A Grim Fairytale

Fairytale Fights
Reviewed On
PlayStation 3
Available For

You take you’re most popular children story fairy tale characters, throw them into an alternate chaotic universe, have them unleash hell, blood, and guts on anything and everyone who dare stand in their path, process all this concept into a renowned 3D Unreal Graphics engine, stick a mature rating on the box, and then try and pitch the idea to adult gamers? Hmm"Well let’s just say that not all fairytale stories come stamped with a happy ending.

"Fairy Tale Fights" is developer Playlogic International’s sadistically mature spin on fairy tale adventures where popular bed time story heroes such as Little Red Riding Hood, Snow White, Jack of the "Beanstalk," and the Naked Emperor are depicted in a cartoony, yet morbid-like reality where they are free to perform heinous acts of violence upon their societies twisted and demented inhabitants.

There is, of course, a lot of blood and gore involved, else the games rating wouldn’t be mature, and frequent moments of humor set in the plot designed to help keep things fun and interesting. The problem is that while the idea seems somewhat appealing and may perhaps strike a funny bone or two, the overall concept of the game is poorly executed — something the equivalent of that bad taste in your mouth when you first get up in the morning.

The first thing that just hits you wrong is the idea that it seems that blood and gore is the only way to hook adult gamers for a title like this. I don’t know, it just seems a bit odd to see Little Red Riding Hood with a pleasantly sick look on her face lopping some poor chap’s body in half for fun and giggles. I think if you really wanted to appeal to older gamers in a situation such as this you should’ve used slightly exaggerated everyday real life events and made this concept incredibly humorous. For example, just off the top of the head, it’d be cool to see all these previously mentioned heroes all thrown in a high security prison for violating the laws of society: Little Red Riding Hood or boosting cars, excessive speeding and frequent fits of road rage, Snow White in for cursing and violently assaulting her boss for accusing her of sleeping on the job, Jack of the Beanstalk in for scaling buildings and acts of burglary, and of course the Naked Emperor for public drunkenness and indecent exposure. All of these hero-now-thug inmates would band together to wreak havoc on the prison system and it’s warden and eventually come up with an in-depth plot to escape prison and head for the borders of fairytale land. Now there’s an interesting scenario that doesn’t have to rely primarily on blood and gore to get the point across.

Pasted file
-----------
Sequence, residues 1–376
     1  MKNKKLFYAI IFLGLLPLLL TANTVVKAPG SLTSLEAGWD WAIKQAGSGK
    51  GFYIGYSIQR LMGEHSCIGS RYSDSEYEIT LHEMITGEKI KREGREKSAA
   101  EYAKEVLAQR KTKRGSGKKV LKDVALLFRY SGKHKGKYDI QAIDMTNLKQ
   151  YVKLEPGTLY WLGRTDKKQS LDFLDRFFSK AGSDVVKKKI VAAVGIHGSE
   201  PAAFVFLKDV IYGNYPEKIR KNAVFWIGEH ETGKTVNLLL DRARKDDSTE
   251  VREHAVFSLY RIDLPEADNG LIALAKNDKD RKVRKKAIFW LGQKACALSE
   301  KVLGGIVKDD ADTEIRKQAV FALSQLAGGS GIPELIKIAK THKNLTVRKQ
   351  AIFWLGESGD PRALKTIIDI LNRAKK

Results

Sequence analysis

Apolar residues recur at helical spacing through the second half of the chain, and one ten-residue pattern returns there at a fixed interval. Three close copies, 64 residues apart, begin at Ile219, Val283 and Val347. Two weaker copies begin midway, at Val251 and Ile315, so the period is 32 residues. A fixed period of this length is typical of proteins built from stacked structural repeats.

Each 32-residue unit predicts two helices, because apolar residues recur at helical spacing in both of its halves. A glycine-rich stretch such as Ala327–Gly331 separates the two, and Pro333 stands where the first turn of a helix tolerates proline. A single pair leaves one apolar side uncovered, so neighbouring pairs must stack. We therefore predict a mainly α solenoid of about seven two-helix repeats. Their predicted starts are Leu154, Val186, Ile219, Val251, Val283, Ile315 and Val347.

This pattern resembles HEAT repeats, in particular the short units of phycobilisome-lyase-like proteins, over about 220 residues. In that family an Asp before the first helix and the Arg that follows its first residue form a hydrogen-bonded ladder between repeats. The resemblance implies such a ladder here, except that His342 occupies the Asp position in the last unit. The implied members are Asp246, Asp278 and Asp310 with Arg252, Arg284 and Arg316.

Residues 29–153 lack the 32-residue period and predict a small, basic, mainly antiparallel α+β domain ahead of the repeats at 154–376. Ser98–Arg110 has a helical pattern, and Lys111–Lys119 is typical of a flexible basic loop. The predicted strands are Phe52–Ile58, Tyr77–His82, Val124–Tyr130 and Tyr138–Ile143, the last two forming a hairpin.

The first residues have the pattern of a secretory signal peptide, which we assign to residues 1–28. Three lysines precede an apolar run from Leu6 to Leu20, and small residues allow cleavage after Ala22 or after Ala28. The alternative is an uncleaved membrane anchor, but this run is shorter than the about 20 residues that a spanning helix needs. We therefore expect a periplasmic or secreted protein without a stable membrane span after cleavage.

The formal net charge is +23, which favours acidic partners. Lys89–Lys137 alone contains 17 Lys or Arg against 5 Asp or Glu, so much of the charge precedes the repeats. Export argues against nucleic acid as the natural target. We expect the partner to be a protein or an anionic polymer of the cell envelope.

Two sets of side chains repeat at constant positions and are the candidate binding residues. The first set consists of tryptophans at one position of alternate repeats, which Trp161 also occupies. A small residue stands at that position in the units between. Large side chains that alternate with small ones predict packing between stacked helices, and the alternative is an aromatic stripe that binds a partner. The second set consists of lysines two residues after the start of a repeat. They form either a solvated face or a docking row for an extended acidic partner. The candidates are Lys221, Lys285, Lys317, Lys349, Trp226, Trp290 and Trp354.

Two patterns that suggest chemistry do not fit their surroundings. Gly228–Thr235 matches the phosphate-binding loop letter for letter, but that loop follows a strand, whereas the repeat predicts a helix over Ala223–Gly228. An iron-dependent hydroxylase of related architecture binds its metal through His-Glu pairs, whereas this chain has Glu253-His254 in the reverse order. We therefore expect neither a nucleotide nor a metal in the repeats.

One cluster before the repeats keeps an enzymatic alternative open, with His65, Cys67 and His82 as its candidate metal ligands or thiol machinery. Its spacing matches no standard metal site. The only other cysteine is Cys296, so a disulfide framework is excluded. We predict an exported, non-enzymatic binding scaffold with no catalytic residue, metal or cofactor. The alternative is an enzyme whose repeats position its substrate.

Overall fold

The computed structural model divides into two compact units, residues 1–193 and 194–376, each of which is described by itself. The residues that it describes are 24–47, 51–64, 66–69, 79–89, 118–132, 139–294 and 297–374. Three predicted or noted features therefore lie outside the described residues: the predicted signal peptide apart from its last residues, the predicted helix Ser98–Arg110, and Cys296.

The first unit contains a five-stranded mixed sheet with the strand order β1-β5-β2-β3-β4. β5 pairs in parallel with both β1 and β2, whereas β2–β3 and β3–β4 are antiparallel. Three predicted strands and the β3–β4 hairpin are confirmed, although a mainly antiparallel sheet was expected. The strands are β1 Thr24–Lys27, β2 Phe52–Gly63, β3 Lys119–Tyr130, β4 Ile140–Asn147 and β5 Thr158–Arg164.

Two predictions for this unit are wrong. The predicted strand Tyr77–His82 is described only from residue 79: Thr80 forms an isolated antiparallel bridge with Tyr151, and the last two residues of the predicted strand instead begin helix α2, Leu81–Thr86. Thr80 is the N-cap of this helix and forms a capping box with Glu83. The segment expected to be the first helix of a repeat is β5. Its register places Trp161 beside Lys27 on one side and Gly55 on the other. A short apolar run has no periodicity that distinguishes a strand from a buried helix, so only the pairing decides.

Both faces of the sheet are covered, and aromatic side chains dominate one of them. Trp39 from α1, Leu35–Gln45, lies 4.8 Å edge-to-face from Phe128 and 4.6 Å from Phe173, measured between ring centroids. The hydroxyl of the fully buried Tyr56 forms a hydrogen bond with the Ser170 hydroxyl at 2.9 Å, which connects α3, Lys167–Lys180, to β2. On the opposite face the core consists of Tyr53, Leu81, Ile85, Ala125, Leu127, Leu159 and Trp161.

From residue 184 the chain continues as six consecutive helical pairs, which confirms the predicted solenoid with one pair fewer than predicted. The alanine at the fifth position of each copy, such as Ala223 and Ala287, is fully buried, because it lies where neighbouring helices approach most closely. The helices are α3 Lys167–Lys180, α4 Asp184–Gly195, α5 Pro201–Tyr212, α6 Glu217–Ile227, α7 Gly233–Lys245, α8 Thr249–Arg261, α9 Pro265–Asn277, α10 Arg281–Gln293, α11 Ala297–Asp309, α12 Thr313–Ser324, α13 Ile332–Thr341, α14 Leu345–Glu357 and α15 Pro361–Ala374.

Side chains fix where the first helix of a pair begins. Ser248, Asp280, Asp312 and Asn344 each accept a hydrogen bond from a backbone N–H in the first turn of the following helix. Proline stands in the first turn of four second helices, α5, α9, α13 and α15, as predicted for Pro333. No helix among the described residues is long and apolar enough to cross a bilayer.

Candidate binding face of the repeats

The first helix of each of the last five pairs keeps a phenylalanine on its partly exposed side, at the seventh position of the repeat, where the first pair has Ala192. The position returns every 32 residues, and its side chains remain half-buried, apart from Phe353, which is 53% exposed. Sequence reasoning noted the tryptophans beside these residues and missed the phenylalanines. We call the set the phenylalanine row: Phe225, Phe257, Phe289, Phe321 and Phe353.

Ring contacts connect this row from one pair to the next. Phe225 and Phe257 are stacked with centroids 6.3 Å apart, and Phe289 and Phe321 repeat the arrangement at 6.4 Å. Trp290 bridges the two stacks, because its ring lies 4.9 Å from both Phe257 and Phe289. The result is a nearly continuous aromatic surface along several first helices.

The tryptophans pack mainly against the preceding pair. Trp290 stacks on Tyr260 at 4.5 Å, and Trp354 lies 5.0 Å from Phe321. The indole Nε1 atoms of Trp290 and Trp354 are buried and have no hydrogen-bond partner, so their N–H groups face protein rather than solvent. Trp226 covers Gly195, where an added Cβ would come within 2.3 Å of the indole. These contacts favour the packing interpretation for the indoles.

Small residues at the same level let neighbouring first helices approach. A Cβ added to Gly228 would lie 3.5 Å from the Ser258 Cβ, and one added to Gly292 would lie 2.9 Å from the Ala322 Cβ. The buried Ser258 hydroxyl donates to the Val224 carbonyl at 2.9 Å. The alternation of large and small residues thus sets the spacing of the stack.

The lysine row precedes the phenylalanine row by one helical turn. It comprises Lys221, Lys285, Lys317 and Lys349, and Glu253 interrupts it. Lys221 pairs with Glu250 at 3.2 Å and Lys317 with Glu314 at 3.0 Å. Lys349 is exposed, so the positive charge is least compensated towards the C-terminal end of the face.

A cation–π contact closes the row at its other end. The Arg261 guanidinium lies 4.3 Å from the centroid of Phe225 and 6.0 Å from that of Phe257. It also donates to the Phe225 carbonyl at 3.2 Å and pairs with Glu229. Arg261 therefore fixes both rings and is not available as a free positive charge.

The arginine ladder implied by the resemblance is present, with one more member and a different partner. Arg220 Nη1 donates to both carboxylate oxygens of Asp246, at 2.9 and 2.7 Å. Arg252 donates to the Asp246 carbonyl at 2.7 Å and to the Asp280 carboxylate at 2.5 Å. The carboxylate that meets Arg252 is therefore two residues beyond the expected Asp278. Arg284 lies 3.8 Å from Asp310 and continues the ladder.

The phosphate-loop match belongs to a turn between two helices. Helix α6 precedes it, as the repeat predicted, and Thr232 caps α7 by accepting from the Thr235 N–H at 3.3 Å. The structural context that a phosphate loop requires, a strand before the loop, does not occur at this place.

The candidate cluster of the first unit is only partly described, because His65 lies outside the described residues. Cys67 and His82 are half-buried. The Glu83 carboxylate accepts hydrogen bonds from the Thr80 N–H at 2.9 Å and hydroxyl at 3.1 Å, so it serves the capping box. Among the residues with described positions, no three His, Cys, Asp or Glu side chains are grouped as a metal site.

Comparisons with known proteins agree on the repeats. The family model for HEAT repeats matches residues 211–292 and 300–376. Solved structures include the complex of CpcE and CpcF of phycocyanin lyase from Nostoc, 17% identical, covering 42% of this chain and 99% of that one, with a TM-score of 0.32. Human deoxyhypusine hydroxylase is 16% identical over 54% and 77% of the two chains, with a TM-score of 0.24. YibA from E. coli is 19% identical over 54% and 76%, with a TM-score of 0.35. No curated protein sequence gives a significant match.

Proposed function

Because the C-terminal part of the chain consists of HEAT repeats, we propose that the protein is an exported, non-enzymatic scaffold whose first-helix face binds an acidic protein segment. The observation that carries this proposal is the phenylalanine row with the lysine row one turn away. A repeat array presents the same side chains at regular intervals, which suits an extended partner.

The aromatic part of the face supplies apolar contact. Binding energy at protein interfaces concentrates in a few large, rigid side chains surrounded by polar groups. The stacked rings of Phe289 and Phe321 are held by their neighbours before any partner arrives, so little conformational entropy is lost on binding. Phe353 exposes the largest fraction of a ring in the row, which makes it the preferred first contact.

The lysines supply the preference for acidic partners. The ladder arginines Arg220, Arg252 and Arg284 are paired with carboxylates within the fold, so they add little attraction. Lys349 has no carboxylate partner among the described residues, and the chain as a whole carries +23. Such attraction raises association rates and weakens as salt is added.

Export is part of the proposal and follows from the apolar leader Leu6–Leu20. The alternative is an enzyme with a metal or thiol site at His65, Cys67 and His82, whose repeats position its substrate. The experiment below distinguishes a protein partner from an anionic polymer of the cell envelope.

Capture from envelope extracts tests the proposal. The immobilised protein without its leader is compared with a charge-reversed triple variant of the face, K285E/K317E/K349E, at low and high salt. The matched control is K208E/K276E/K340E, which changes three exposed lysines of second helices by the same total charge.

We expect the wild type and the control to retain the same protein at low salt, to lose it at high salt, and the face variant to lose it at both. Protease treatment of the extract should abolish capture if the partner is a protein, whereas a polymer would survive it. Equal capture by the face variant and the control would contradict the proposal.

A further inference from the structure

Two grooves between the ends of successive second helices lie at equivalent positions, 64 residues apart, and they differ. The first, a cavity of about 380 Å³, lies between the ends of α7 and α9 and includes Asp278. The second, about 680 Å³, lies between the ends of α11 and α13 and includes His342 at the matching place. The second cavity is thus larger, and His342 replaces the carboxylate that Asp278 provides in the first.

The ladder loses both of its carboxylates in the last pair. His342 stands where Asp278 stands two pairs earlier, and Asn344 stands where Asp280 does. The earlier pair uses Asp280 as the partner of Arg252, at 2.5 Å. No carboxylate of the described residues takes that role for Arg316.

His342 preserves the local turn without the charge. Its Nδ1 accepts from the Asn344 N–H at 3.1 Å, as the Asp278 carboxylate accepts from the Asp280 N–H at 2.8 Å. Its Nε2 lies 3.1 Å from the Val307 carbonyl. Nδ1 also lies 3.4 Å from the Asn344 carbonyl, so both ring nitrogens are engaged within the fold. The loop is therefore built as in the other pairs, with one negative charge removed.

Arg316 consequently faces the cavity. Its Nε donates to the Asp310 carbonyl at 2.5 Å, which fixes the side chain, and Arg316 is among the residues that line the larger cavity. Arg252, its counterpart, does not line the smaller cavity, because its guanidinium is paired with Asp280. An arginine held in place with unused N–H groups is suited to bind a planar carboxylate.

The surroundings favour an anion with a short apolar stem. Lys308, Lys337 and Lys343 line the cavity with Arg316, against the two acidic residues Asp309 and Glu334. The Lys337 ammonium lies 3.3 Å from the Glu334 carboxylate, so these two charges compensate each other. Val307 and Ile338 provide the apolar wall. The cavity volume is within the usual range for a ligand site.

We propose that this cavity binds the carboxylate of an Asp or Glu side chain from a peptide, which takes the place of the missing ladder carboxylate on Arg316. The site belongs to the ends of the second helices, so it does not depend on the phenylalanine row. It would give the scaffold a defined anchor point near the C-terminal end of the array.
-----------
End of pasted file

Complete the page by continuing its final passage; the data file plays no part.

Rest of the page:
Visually, the game is mediocre at best. Even though things are set in a cartoon-like universe, a lot of the scenery is boring and uneventful. The biggest problem is that while the game looks to be a roaming 3D adventure the environments are very linear and non-interactive, forcing the player along a designated path using invisible walls and stationary scenery to guide you along the way.

Players have really gotten used to being able to adventure where they so see fit over the years and to not be able to do that definitely puts a damper on the game. Also, the bloody and gory evisceration of enemies is a high that lasts roughly about 15 minutes into the game before it just doesn’t do anything for you anymore. Though there are over 140 weapons in the game, yet it seems like blood is spilled the same way over and over again. Also the picture-in-picture scenes that occasionally pop-in during the adventure to show a zoomed in replay of the slaughter don’t really do a lot to make things that much more interesting.

Hacking, slashing, crushing and body dismemberment is ultimately the theme here when it comes to game play. Other than that, there’s not much else to talk about. You can use a number of weapons during you’re serial killer spree including hand to hand combat, blunt and bladed weapons, ranged weapons, deadly potions, magic wands and more. From axes, swords, daggers, fish hooks and pins to newspapers, mallets, wands and acid/transformation potions you have the ability to slaughter, mutilate, and maim your enemies in a number of torturous ways.

When all is said and done, however, other than a few interesting boss battles, the body grinding gets a little old and repetitive after a few levels.

The multiplayer mode of the game can hold your interest for a bit but is clearly not something you can do for hours on end. You can fight your friends both on and offline with drop in drop out game play, battling it out for the best weapons and collectables in story mode, or playing to the death in a series of PVP battle arenas.

Ultimately, Fairy Tale Fights is a game that could have possibly had some serious potential but will instead for most gamers likely turn out to be a half-baked experience and possibly leave you with nightmares of your favorite story book heroes.

Mediocre visuals, repetitive gory game play, and a concept that could have been a little more thought out will ultimately leave this fairytale collecting dust on the lower shelf of your local game store. Thus we close the book on this not-so-happy ending story that should have more appropriately been called "Fair Tale Frights."

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